Symposia

Schedule

Wednesday · Oct 7
9:00 - 11:00

Invertebrate models to address fundamental questions in neurobiology

Chairs
rayes
Diego Rayes

Instituto de Investigaciones Bioquímicas de Bahía Blanca (INIBIBB)
Departamento de Biología, Bioquimica y Farmacia UNS.

Part of the sustainability of in-depth basic research is the use of powerful and validated animal models that are inexpensive. The ease of manipulation, inexpensive maintenance, genetic amenability, combined with the relatively simple nervous systems of invertebrates provides the opportunity to investigate universal questions that cannot easily be addressed in mammalian systems. Indeed, studies in these models have provided fundamental information about conserved neurobiology processes and molecular pathways underlying nervous system disorders. This symposium aims to highlight, through concrete examples, how the use of invertebrate models can contribute to the understanding of key biological phenomena. The session proposed will include talks on diverse topics with a common denominator: the use of different invertebrate models. Since key elements of the biology of neurons and circuits are highly conserved throughout the animal kingdom, the mechanisms exposed in this symposium are likely to be universally crucial. We combine leader PIs from Argentina and USA that, despite being young, have made key contributions to their specific fields. We think that this initiative will contribute to foster invertebrate neuroscience research in the region, and will expose the audience to a plethora of tools devoted to addressing fundamental biological questions.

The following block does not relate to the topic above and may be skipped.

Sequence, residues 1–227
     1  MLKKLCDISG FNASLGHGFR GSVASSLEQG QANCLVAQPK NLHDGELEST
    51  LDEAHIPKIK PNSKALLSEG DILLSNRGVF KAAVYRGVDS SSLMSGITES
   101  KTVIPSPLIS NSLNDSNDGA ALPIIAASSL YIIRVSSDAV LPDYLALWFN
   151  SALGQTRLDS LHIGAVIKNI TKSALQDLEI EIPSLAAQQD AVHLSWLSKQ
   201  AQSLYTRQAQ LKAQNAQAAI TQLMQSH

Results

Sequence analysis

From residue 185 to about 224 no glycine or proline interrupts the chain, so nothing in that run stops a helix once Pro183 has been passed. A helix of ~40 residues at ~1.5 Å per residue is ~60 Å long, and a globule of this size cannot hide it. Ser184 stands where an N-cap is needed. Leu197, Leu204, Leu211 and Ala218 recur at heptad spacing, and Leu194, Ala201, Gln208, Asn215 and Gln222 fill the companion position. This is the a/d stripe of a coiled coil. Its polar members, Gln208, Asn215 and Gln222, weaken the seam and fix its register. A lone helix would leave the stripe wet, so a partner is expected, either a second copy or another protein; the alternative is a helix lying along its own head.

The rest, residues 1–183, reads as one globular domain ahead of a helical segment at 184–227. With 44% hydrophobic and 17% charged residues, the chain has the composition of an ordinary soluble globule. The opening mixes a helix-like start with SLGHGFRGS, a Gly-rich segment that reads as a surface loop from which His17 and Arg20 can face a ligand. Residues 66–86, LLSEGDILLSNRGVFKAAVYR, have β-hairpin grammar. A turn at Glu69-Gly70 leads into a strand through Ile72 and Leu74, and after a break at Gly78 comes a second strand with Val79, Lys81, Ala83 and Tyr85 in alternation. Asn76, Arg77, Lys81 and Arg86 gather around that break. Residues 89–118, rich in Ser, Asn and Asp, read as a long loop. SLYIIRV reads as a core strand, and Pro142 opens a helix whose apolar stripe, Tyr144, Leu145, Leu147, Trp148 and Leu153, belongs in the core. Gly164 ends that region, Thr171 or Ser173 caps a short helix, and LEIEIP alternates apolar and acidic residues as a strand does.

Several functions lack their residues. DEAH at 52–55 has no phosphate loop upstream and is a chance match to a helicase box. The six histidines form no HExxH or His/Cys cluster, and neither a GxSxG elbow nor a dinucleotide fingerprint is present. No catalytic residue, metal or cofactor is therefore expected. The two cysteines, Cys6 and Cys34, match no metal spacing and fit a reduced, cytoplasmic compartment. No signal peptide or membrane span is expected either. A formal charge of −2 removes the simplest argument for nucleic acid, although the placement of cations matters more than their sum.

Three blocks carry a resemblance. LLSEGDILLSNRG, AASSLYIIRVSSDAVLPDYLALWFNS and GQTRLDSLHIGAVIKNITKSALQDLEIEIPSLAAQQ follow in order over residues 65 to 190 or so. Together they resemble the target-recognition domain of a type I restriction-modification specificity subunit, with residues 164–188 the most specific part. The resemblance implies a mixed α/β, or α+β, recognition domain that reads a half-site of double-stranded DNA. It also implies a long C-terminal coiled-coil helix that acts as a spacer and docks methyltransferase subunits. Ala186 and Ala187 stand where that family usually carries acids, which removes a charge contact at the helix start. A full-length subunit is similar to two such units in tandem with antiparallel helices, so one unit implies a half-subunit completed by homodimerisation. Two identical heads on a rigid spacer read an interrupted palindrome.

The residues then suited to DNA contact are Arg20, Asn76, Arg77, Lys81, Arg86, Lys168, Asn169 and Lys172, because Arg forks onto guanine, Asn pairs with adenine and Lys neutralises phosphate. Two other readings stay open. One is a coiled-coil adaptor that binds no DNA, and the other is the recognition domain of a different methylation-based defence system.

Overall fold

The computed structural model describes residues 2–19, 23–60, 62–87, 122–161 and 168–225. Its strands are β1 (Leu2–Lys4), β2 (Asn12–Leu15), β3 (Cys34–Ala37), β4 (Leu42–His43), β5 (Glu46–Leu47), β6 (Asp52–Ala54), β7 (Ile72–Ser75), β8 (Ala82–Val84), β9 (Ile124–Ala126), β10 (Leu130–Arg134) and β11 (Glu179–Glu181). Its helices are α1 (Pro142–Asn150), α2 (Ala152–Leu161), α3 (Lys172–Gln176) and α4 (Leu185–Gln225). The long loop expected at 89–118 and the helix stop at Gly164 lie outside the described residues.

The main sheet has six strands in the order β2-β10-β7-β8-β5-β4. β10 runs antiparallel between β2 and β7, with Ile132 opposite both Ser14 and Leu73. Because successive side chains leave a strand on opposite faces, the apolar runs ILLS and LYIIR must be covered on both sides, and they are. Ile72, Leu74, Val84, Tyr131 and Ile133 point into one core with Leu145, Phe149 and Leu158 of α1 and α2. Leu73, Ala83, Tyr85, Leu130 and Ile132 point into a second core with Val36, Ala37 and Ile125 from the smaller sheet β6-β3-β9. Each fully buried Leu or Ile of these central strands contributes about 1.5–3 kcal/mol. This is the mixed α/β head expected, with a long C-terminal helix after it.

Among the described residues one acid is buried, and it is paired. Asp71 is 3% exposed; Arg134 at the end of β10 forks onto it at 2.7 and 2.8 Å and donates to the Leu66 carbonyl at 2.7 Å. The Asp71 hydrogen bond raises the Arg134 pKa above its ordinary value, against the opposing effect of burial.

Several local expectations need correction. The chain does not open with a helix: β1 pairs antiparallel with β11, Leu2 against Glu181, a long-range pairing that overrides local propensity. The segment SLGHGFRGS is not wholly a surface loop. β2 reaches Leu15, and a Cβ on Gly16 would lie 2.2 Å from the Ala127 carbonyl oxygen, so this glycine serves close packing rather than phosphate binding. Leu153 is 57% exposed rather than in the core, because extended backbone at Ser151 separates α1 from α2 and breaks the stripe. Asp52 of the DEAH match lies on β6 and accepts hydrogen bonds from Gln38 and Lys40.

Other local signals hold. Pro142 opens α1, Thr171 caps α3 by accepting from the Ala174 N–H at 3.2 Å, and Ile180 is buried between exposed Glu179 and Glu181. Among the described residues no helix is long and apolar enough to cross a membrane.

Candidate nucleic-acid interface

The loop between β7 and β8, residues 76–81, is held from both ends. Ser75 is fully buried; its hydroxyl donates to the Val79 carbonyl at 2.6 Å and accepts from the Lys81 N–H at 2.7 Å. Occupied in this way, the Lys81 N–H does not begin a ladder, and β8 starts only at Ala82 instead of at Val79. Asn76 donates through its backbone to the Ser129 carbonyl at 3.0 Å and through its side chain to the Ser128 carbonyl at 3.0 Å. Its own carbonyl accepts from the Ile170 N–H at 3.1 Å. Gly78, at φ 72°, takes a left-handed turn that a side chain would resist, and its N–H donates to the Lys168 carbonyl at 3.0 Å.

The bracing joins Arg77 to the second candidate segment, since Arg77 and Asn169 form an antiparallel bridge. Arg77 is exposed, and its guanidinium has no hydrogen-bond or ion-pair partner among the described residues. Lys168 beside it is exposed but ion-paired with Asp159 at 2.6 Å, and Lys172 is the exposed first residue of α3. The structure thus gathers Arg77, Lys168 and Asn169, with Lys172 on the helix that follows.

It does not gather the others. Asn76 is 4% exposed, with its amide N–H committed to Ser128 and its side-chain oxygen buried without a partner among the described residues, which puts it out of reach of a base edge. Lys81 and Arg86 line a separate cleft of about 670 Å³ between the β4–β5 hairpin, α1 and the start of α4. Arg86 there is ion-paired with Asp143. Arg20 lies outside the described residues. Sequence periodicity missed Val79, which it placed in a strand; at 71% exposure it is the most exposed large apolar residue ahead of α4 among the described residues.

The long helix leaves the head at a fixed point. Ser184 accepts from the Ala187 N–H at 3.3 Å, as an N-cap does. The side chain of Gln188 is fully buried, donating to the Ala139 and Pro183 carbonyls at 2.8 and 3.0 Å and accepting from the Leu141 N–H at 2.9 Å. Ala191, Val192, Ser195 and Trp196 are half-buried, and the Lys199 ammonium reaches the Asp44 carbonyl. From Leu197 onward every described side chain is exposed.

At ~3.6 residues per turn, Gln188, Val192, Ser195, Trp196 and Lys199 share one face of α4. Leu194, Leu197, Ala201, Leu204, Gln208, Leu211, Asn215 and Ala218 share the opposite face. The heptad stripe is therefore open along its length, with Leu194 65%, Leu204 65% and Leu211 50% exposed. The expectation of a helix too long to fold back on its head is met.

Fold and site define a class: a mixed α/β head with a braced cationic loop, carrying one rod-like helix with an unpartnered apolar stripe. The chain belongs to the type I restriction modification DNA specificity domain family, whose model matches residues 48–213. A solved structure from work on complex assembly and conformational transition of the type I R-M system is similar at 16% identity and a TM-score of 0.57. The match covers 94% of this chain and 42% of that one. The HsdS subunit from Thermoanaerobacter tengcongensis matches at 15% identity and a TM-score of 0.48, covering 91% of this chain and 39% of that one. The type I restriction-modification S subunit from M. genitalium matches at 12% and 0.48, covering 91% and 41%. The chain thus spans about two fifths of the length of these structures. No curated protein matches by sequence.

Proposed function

Speakers

Polarization vision as a source of visual contrast in arthropods

Martin Beron de Astrada

Instituto de Biociencias, Biotecnología y Biología Traslacional (IB3); Dpto. de Fisiología, Biología Molecular y Celular, Facultad de Ciencias Exactas y Naturales; UBA

The polarization of light is a light quality invisible for the human eye. However, the sensitivity to the angle of light polarization to enhance visual contrast has been recognized in a number of animals inhabiting aquatic environments. So far, the visual mechanisms underlying such capabilities remain unknown. In the last couple of years we have studied the mechanisms underlying polarization vision in the crab Neohelice granulata. We have quantified animals’ escape response and changes in heart rate as indexes of visual sensitivity. By presenting polarized motion stimuli with only linear polarization contrast (no intensity or spectral contrast) we observed maximum animals’ responses when object and background polarizations were aligned with the vertical and horizontal orientations. The addition of polarization contrast to threatening intensity contrast stimuli enhanced significantly a low threshold alert response of the animals but produced no effect on higher threshold defensive behaviors. In line with theoretical models, our results provide experimental evidence that crabs perform a two-channel (vertical/horizontal) computation to achieve polarization contrast vision. We will discuss how such a two channel system maximizes information acquisition in the animals’ natural environment together with the limitations that polarization information processing might have.

The Drosophila Ih channel shapes circadian rhythms and sleep through the control of neuronal bursting frequency

Nara Muraro

IBioBA-CONICET-MPSP, Argentina